The use of a methanol-powered smart marker at Stockholm Norvik Port could open up the potential for 5G integration and emissions monitoring in the future.
The navigational marker, equipped with a methanol fuel cell as part of the EU Intelligent Sea project, guides traffic in the fairway leading to the Swedish port.
Jonas Andersson, Nautical Coordinator at Ports of Stockholm, told PTI the methanol cell has a high energy content at 1 kilowatt (kW) per litre, reducing container changing frequency.
“One difficulty was the power supply,” Andersson said.
Andersson continued that there are high investment costs to run power supply cables under water and at distance.
He added that running power cables underwater to supply power to navigational markers can incur high investment costs for a port.
The methanol fuel cell, paired with renewable solar power, will offer a low-carbon power source for Stockholm to utilise the digital navigation marker.
Arctia has delivered all four of the digital smart navigation markers with illuminated screens that Ports of Stockholm is responsible for.
The navigation markers have mobile network internet connection and can be monitored and controlled remotely.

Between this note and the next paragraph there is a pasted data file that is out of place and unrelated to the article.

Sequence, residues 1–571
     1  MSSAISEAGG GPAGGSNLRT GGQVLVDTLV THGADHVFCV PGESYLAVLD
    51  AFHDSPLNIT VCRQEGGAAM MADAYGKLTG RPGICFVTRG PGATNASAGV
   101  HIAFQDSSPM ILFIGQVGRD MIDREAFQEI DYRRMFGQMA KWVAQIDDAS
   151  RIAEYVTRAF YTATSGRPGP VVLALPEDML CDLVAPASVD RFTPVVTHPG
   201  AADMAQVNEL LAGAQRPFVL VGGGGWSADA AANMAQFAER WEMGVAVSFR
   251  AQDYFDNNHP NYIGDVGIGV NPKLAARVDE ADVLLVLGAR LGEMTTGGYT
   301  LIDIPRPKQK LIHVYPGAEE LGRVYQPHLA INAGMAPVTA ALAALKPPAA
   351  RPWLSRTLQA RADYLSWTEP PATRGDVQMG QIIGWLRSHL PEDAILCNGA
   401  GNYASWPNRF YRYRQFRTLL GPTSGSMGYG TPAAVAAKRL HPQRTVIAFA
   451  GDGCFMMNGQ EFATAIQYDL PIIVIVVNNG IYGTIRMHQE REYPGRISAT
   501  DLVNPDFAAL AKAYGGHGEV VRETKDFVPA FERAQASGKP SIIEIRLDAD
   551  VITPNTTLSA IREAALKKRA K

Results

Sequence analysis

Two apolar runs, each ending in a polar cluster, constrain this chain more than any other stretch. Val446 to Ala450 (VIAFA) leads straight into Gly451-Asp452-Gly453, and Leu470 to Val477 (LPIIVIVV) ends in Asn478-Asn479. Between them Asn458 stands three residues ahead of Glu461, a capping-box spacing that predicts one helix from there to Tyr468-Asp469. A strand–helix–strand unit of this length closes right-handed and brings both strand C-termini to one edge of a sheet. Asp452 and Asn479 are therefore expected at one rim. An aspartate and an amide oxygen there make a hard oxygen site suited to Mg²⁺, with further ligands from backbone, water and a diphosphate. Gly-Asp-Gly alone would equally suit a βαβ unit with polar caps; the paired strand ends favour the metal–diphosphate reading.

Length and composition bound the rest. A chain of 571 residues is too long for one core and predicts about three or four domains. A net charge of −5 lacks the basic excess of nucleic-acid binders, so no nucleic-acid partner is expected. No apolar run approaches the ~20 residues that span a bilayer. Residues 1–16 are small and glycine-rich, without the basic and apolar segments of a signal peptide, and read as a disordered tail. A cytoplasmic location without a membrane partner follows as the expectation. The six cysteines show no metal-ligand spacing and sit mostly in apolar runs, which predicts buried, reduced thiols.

Ports are increasingly using methanol as a low-carbon fuel source, largely for vessel bunkering.
The experiment by Artica and Stockholm Norvik Port is one of the first use cases of where the low-carbon fuel can provide power resilience elsewhere in port operations.
In the future, Andersson posited that the mix of low-carbon methanol and renewable solar power could power floating 5G aid navigation points to guide ships into the port.
“[The] next step is to try to put it in a floating aids navigation, because we know that this distance since in the water is quite far. It is at long distances and 5G needs quite short distances between their stations to get a good network,” he explained.
“[There are still] lots of difficulties. But that is an Arctia development that I think they may be planning.”
One area where port operatives could benefit, Andersson noted, could be through utilising a 5G network for sensors measuring of ship emissions navigating through the archipelagos and fairway leading to Stockholm Norvik.
The pilot trial is part of the EU Intelligent Sea Project, which Ports of Stockholm is taking part in together with the Port of Naantali and the Finnish company Artica.